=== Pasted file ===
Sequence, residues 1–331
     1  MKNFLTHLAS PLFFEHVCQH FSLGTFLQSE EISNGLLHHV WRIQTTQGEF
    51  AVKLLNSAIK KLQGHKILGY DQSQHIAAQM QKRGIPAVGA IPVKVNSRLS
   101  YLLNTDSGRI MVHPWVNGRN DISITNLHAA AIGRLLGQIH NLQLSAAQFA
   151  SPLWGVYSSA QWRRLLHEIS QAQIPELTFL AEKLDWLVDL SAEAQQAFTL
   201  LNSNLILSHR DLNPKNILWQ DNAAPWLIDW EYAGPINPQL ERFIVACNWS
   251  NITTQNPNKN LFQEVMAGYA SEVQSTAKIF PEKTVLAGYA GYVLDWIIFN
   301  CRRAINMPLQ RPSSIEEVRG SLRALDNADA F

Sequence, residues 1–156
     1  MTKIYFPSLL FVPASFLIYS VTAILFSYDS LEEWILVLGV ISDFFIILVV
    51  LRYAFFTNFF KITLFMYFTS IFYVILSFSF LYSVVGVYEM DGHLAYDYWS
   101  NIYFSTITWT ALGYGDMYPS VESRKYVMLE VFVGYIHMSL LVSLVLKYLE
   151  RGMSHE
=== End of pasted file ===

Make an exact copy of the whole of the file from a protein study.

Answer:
Sequence, residues 1–331
     1  MKNFLTHLAS PLFFEHVCQH FSLGTFLQSE EISNGLLHHV WRIQTTQGEF
    51  AVKLLNSAIK KLQGHKILGY DQSQHIAAQM QKRGIPAVGA IPVKVNSRLS
   101  YLLNTDSGRI MVHPWVNGRN DISITNLHAA AIGRLLGQIH NLQLSAAQFA
   151  SPLWGVYSSA QWRRLLHEIS QAQIPELTFL AEKLDWLVDL SAEAQQAFTL
   201  LNSNLILSHR DLNPKNILWQ DNAAPWLIDW EYAGPINPQL ERFIVACNWS
   251  NITTQNPNKN LFQEVMAGYA SEVQSTAKIF PEKTVLAGYA GYVLDWIIFN
   301  CRRAINMPLQ RPSSIEEVRG SLRALDNADA F

Sequence, residues 1–156
     1  MTKIYFPSLL FVPASFLIYS VTAILFSYDS LEEWILVLGV ISDFFIILVV
    51  LRYAFFTNFF KITLFMYFTS IFYVILSFSF LYSVVGVYEM DGHLAYDYWS
   101  NIYFSTITWT ALGYGDMYPS VESRKYVMLE VFVGYIHMSL LVSLVLKYLE
   151  RGMSHE